Musée des Beaux-Arts et d’archéologie de Besançon: France’s Oldest Public Museum

It is generally thought that the precursors to the modern museums were the so-called ‘cabinets of curiosities’. Wealthy individuals, established families or institutions collected a variety of objects ranging from fine art and sculpture, archaeological and historical objects to rare or curious natural objects and specimens. These collections would be private, and only open to ‘respectable’ individuals. The British Museum in London has in a sense re-created the feel of these early museums in their enlightenment galleries.

The oldest public museum in France, Musée des Beaux-Arts et d’archéologie (Museum of Fine Arts and Archaeology) in Besançon, started out as the private collection of Jean-Baptiste Boisot, an abbot. He bequeathed his personal collection to the Benedictines of the city of Besançon on condition that the collection was open to the public two days every week. This was in 1694, nearly a century before the Louvre became a public museum in August 1793.

There are three aspects to this museum: archaeology, paintings and drawings.

The archaeology collection of the museum has some striking pieces, including the entire sarcophagus of an ancient Egyptian (21 Dynasty) royal scribe named Seramon, (above) and a few mosaic pavements from Roman villas. The mosaic below is the central motif of what is called the ‘Neptune Mosaic’ that dates to the second century BC. The archaeology collection also has a number of artefacts from various sites in the area.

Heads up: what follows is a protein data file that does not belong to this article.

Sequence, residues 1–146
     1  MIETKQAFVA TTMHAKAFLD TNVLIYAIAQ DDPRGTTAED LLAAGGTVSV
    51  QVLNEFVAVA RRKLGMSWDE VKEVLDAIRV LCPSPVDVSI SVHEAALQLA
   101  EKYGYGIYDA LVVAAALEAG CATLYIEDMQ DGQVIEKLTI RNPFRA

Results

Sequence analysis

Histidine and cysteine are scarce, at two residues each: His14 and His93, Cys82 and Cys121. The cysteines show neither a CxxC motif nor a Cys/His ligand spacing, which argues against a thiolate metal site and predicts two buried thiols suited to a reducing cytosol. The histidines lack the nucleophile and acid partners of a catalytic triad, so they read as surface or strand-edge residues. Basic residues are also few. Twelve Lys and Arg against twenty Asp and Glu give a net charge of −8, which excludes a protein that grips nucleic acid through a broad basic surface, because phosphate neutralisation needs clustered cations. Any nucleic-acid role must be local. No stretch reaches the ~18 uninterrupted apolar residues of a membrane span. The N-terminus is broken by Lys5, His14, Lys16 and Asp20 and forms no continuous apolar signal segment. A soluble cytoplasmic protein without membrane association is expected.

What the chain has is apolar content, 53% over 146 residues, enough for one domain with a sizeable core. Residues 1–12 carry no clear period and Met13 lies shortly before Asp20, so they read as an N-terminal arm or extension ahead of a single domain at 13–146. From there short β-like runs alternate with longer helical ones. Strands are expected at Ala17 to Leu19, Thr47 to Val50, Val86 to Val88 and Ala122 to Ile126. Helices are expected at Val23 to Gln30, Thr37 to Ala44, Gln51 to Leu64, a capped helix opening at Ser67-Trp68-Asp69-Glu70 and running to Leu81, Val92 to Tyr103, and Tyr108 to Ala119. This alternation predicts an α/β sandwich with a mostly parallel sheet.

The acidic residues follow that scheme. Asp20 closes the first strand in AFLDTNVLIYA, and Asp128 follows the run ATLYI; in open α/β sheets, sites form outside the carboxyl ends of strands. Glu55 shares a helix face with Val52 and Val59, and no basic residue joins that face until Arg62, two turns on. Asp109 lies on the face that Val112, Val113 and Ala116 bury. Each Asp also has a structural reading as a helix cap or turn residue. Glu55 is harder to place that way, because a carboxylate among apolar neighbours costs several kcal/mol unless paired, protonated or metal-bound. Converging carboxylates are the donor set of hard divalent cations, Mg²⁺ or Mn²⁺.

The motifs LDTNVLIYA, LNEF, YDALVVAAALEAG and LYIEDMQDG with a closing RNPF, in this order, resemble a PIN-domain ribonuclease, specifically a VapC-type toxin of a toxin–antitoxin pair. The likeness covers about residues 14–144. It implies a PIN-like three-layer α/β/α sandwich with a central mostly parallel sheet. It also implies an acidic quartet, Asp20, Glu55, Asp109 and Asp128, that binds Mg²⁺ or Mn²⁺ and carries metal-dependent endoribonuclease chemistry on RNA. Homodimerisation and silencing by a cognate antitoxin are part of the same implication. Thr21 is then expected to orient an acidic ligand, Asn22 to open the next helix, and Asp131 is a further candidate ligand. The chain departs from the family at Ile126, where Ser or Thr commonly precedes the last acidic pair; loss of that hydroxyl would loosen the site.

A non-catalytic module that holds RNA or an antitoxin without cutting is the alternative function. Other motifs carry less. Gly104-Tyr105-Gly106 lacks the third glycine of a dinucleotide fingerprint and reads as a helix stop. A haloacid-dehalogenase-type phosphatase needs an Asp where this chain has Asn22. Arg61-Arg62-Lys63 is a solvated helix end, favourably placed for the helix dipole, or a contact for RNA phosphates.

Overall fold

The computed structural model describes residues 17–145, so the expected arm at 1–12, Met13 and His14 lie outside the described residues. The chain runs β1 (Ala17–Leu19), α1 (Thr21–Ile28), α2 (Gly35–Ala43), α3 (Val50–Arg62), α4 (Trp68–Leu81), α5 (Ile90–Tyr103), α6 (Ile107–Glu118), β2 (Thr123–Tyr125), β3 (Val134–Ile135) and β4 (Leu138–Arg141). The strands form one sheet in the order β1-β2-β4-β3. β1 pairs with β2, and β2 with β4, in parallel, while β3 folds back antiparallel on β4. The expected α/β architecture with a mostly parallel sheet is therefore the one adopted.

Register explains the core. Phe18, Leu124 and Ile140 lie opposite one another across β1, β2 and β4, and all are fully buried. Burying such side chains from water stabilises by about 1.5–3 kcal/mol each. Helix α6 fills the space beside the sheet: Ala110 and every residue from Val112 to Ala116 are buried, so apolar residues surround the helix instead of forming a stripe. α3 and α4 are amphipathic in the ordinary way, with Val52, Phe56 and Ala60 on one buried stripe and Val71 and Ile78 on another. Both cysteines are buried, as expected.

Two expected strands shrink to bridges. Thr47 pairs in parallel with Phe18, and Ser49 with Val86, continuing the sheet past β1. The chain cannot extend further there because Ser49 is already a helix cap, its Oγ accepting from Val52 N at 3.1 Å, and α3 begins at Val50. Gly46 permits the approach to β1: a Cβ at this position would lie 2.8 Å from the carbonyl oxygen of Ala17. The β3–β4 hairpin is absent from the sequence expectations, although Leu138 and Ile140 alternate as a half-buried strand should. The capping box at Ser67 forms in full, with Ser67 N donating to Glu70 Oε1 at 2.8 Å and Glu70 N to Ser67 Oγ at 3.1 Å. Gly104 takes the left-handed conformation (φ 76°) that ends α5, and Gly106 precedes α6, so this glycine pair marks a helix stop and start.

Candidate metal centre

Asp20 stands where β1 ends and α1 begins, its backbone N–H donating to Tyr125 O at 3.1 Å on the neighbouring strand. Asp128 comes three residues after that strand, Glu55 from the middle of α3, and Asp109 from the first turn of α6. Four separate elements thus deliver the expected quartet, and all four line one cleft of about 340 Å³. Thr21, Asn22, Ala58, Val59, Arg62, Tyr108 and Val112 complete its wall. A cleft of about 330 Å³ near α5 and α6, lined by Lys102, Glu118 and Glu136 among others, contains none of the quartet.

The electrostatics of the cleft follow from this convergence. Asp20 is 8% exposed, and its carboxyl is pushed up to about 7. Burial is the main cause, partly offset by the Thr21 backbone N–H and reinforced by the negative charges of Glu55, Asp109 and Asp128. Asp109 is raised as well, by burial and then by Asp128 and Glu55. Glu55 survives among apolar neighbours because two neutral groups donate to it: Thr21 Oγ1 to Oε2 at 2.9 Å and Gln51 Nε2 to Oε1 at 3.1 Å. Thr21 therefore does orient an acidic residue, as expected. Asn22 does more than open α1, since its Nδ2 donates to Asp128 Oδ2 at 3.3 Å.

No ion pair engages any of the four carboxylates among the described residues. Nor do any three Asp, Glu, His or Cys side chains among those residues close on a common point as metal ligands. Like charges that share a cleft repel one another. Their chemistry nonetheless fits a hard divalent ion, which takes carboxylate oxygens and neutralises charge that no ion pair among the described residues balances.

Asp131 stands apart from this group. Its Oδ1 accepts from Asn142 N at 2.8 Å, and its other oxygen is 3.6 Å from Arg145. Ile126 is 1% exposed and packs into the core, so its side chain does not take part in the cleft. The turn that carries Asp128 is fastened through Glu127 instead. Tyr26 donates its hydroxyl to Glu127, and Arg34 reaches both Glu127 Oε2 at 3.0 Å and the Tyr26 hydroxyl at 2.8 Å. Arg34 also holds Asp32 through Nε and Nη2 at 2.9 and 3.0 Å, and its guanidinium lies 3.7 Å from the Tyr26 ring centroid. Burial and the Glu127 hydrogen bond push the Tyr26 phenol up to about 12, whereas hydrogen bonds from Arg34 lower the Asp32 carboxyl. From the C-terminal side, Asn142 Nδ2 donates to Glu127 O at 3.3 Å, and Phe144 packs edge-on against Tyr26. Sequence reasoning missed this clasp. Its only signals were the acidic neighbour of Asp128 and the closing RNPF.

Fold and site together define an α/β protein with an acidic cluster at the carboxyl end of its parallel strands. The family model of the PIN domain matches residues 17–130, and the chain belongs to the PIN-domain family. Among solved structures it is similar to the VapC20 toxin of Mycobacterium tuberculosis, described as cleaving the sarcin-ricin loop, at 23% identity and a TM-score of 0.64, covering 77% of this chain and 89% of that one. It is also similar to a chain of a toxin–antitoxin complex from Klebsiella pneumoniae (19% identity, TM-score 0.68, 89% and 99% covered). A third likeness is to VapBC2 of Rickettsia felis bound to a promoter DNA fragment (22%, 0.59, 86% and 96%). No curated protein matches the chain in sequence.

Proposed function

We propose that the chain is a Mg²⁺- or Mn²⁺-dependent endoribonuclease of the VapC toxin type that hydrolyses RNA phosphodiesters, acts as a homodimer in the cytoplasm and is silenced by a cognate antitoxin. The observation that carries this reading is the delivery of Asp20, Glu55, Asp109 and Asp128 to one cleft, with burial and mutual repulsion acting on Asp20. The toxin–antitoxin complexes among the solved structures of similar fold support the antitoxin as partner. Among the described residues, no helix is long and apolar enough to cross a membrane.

The painting collection has some well known pieces of European art from the 14th to 20th centuries. Including some well known artists, such as Titian, Brueghel the Elder, Rubens, Goya, Renoir and Matisse. But the museum is particularly known for its collection of drawings. With over 5,500 Italian, Dutch and French drawings, this is one of the largest collections in France ranging from the end of the 15th century to the middle of the 20th century.


Henri Matisse, Nature morte au lierre, 1916.

So if you are visiting the France-Comte area of eastern France, and crave some high culture, this museum is a must.

The photographs I have used in this post have been taken from Magika42000’s photostream for this museum on Flickr.

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About Thomas Dowson

Hello, I am Thomas Dowson - a freelance writer and archaeologist living in Normandy, France. My field of expertise is prehistoric art - such as the cave paintings in the Dordogne and South Africa. But I am becoming passionately interested in France more generally, and Normandy in particular, and what this country and one of its very well known regions has to offer people with all sorts of tastes and desires. In 2005 I exchanged a university archaeology lecture room for a Bed & Breakfast in Normandy. More recently I started the Archaeology Travel website; sharing my expertise and love of archaeology and travel with others who also want to explore the many different pasts around the World.